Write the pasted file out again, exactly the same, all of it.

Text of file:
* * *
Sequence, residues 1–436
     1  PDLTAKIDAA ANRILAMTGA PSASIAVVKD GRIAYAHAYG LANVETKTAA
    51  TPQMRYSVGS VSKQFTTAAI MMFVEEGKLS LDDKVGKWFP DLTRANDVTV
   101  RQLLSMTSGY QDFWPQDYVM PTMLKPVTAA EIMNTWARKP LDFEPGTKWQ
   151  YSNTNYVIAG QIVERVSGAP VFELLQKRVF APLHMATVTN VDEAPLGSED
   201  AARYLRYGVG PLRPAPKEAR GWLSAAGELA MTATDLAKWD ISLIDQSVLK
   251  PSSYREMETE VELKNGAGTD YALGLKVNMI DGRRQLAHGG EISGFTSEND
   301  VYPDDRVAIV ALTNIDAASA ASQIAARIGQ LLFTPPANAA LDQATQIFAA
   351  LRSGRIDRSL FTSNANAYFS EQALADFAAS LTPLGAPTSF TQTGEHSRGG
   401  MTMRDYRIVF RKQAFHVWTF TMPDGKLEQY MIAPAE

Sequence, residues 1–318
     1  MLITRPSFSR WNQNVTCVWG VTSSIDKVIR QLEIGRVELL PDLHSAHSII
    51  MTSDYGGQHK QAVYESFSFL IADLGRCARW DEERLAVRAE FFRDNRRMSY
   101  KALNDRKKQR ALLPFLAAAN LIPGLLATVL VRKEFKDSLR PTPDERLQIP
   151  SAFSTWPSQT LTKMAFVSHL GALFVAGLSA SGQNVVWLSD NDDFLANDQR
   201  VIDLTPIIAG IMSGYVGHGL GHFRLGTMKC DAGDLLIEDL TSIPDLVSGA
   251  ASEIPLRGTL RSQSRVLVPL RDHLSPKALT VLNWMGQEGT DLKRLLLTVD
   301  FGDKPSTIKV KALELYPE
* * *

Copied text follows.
Sequence, residues 1–436
     1  PDLTAKIDAA ANRILAMTGA PSASIAVVKD GRIAYAHAYG LANVETKTAA
    51  TPQMRYSVGS VSKQFTTAAI MMFVEEGKLS LDDKVGKWFP DLTRANDVTV
   101  RQLLSMTSGY QDFWPQDYVM PTMLKPVTAA EIMNTWARKP LDFEPGTKWQ
   151  YSNTNYVIAG QIVERVSGAP VFELLQKRVF APLHMATVTN VDEAPLGSED
   201  AARYLRYGVG PLRPAPKEAR GWLSAAGELA MTATDLAKWD ISLIDQSVLK
   251  PSSYREMETE VELKNGAGTD YALGLKVNMI DGRRQLAHGG EISGFTSEND
   301  VYPDDRVAIV ALTNIDAASA ASQIAARIGQ LLFTPPANAA LDQATQIFAA
   351  LRSGRIDRSL FTSNANAYFS EQALADFAAS LTPLGAPTSF TQTGEHSRGG
   401  MTMRDYRIVF RKQAFHVWTF TMPDGKLEQY MIAPAE

Sequence, residues 1–318
     1  MLITRPSFSR WNQNVTCVWG VTSSIDKVIR QLEIGRVELL PDLHSAHSII
    51  MTSDYGGQHK QAVYESFSFL IADLGRCARW DEERLAVRAE FFRDNRRMSY
   101  KALNDRKKQR ALLPFLAAAN LIPGLLATVL VRKEFKDSLR PTPDERLQIP
   151  SAFSTWPSQT LTKMAFVSHL GALFVAGLSA SGQNVVWLSD NDDFLANDQR
   201  VIDLTPIIAG IMSGYVGHGL GHFRLGTMKC DAGDLLIEDL TSIPDLVSGA
   251  ASEIPLRGTL RSQSRVLVPL RDHLSPKALT VLNWMGQEGT DLKRLLLTVD
   301  FGDKPSTIKV KALELYPE